What Happens When the Church Aligns With Evil

I watched the election coverage all evening. I kept up to the moment on my phone and television. Not because I was afraid of the news they heralded. But instead, because I find it all fascinating. I have always enjoyed watching election coverage. Seeing where and how people choose to vote. I actually joked with my husband that this is my World Series. But I digress.

Friends, today my heart is saddened. There are astounding and ever growing differences among people. People are split by race, religion, education, employment. And whether Trump or Clinton won, this division would be hard to move past.

However, today we know who will be president. Trump was elected. Though I refuse to live fearful of what this will bring, I do live saddened. Heartbroken for this nation, this country. For this people.

But here’s where I have the most trouble. The ‘church’ won. 

That sounds odd, so please, let me explain. The Christian/Catholic bodies encouraged their people to vote for Trump, for a variety of reasons. These are, by and large, the single issue voters: the anti-abortion votes, the Supreme Court votes, the lesser of two evil votes, the “freedom of religion” votes…and I could go on.

Yes, these are indeed valid ideals, valid opinions to hold to. Yes, these are the makings of voting for or against someone. 

But here’s the thing, the church was given two commands. 

And He said to him, ‘You shall love the Lord your God with all your heart and with all your soul and with all your mind. This is the great and first commandment.’ – Matthew 22:37-38

This means to completely, to wholly love God. It looks like worship. It looks like gratitude. It looks like time in His Word and in prayer. 


And a second is like it: ‘You shall love your neighbor as yourself.’ – Matthew 22:39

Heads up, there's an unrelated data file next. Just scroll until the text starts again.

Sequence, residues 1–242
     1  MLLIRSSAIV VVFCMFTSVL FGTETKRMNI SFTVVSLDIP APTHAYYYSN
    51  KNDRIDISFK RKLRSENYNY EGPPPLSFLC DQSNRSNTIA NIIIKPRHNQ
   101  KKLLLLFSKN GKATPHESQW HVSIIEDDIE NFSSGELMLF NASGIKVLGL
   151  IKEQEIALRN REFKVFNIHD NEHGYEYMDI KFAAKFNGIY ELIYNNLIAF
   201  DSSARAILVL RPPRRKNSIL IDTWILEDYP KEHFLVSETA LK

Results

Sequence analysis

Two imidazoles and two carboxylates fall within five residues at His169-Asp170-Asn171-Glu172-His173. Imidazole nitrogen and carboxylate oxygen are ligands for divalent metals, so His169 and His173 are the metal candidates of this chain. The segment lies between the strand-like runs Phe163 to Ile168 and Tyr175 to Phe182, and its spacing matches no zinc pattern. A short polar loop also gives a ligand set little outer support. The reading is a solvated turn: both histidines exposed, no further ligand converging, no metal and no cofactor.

This means that we love others. We love people even if they are different from us. Even if they hold to different ideals than us. It means we love people even if it brings certain death to us. Because we are called to love. Period.

The Bible is filled with examples, with calls and encouragement to love greatly. To love selflessly. Giving up everything, even unto our very life. But for this, I must share the reminder of 1 John 4:18:

There is no fear in love, but perfect love casts out fear.

Because love, love for God + love for others, has nothing to do with fear. And so when we respond out of fear, it has no part in love. 

So dear church, my heart is broken. Somewhere along the way we, including our church leaders, have lost sight of what love means. We have lost sight of the two commandments we were given. Because dear one, if your reason for doing something isn’t: to love God or to love others, you might not need to do it.  
Before we move on, we need to rest in one final reminder. One final definition of what love is.

Love bears all things, believes all things, hopes all things, endures all things. – 1 Corinthians 13:7

All things. Even hardships. Even hate. Even loss of freedom. Love bears everything.  

So what does this mean for how we voted? 

Pro-life: Christians rallied against Clinton because of her pro-choice stance. What does it mean to stand for life? Voting for Trump heralded the lives of the unborn. But in exchange, we handed over the lives of minorities. The voiceless. The marginalized. We exchanged one life for another. 

And for what? For safety? For religious freedom? This is not sacrificial love. This is love that keeps us safe first. This is a love that sees us v. them. This is a love that believes in comfort and safety. 

But that isn’t what we are called to. No, instead, we are called to a love that gives everything. Even our very lives. I believe this is a reminder the American church needs today.

Because friends, we were never promised safety, freedom of religion (or any kind), or ease. Instead we were promised difficulty. We were promised pain that would flood our lives. Suffering that would reshape us. Promising to make us more like Christ.

Instead, we are promised that God’s glory would shine forth.
Abundantly. Radiantly. Through every circumstance. 

Supreme Court: Christians voted for Trump to protect the Supreme Court. I understand this heart. I do. But church, we are forgetting who God is.